|By Greg Ness||
|March 9, 2010 11:00 PM EST||
When VMware entered the production data center it was the beginning of a massive IT disruption with profound implications for careers, vendors and the next tech innovation cycle, driven by deep reductions in network operating expenses and equally uplifting increases in network flexibility and intelligence.
VMware set the stage for the multibillion dollar system virtualization category by allowing operating systems and applications to be easily set up and moved on top of commodity server hardware. They automated systems that had been requiring ever increasing amounts of manual labor as data centers grew ever more complex by creating an abstracting layer between software and hardware.
Check out the IDC slide referenced in the October, 2008 infrastructure 2.0 blog on "Virtualization, Cloud Computing and IT Diseconomies". The market cap of VMware was to a great extent driven by the increasing proportions of management expense required for supporting ever more complex system infrastructures.
There is a similar (internal HP only, based on IDC data) slide showing the creeping opex menace growing every year to consume more than 50% of server costs. Also read "Server Management Costs Soar, Says IDC":
For every server that is purchased and installed, management costs increase exponentially. Matt Eastwood, vice president, enterprise server research for Framingham, Mass.,-based IDC says that a penny saved in initial cost is a dollar spent on management. "IT pros are always interested in getting the best deal that they can when they purchase new equipment. But what they are beginning to realize is that the cost of maintaining a server is five to seven times the purchase price."
- Brian Kraemer, SearchDataCenter.com Feb 2006
Now that VMware, Citrix and Microsoft have now declared war on manual labor and rising system management expense, it's the network's turn to get automated. At stake are scattered, multibillion dollar empires driven by complexity, expertise and black holes of arcane scripts, configurations and multi-step network management processes.
It all starts at the core, in the core network services addressed by the emerging DDI appliance category kicked off by Gartner last fall, then emanates into a host of initiatives (like virtualization and IPv6) that are slowed down (and incur heightened cost and risk) due to the persistence of complexity and manual processes required to simply keep networks available and secure as more IP addresses are added.
The IPAM diseconomies of scale discovered by Computerworld during the fall of 2008 was eerily reminiscent of the data discovered by IDC on rising server management costs.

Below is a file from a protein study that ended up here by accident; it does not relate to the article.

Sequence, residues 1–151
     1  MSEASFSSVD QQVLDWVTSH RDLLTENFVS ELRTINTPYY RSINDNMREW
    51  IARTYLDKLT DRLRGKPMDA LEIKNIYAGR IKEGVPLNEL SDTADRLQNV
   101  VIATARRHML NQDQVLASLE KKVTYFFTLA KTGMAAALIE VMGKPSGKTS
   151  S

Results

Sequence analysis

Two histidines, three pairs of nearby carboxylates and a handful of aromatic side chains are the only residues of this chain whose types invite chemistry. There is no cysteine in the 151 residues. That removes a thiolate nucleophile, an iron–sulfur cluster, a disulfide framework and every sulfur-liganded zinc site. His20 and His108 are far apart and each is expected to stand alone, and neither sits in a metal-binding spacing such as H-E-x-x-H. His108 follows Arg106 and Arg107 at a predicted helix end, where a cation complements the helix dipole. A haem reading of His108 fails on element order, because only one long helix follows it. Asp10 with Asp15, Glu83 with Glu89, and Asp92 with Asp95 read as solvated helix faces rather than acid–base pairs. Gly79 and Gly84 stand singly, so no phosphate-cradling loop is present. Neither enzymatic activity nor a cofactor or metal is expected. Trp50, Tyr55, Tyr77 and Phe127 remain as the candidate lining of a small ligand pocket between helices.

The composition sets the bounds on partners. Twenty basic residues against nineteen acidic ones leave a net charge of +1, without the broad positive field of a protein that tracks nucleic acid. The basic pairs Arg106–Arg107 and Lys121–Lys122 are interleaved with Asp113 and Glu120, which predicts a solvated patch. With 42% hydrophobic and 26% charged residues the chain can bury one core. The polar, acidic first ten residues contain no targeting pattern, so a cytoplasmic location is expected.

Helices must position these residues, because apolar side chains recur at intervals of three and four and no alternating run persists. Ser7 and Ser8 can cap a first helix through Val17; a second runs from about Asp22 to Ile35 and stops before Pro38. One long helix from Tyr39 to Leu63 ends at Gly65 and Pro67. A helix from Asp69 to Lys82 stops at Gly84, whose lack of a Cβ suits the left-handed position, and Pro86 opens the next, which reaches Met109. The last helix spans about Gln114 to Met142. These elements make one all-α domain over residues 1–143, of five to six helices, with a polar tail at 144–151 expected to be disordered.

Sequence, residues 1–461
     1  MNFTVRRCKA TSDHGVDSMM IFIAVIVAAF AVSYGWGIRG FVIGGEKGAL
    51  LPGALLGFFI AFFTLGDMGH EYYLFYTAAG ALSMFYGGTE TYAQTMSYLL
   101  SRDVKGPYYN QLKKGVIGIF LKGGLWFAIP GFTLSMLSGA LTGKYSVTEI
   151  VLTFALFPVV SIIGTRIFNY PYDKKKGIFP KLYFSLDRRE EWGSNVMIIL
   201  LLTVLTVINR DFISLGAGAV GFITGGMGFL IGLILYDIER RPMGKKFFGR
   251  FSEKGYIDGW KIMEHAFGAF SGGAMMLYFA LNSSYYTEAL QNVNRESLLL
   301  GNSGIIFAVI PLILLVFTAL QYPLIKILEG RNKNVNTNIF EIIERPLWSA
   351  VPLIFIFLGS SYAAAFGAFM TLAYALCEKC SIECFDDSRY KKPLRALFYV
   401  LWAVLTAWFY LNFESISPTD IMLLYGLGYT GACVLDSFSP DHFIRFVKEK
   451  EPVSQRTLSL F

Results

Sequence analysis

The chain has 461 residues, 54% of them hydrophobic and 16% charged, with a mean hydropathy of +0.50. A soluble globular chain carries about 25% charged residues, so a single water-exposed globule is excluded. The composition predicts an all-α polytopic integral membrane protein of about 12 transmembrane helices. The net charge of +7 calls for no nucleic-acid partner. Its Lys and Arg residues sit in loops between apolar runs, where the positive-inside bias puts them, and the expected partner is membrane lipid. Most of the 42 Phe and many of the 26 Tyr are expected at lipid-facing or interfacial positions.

Now that CIOs have discovered the power of system automation to break the bonds between software and hardware and automate once manual system processes, they will be looking for solutions that can break the bonds between the meaty address space (DNS, DHCP, IPAM, etc) and physical location enabling unprecedented breakthroughs in operating expense and risk, power savings and scalability. They will leverage the network like never before to take IT automation to new levels.
Network automation will start with the automation and integration of IPAM, DNS and DHCP and will spread from this waste-ridden meat space core into areas strategically bound by those manual processes. Look to announced partnerships between companies like Infoblox(my employer) in the DDI space and the likes of Riverbed, Cisco, Neustar (and the recent F5 and Infoblox announcement related to DNSSEC) to tackle a host of costs and challenges emanating from the network's tired core.
IT is about to be radically transformed, not by cloud computing but by a wave of innovation that will make networks as powerful and nimble and economical as recently virtualized systems. And those virtualized systems will become more secure, more efficient and even more economical than ever before.
As system virtualization decoupled software and operating systems from the bonds of specialized dedicated hardware, network virtualization will decouple those systems from the limitations of specialized, dedicated locations.
Those who embrace network automation first will attain strategic advantage over their peers. Hence the recent announcements and breakthroughs by Cisco, Citrix, F5, Juniper, Riverbed, VMware and others, setting the stage for the inevitable transformation foreshadowed by the rise of system virtualization and the resultant shift in market caps between tired incumbents and the virtualization ecosystem.
You can follow my rants in real-time at Archimedius.
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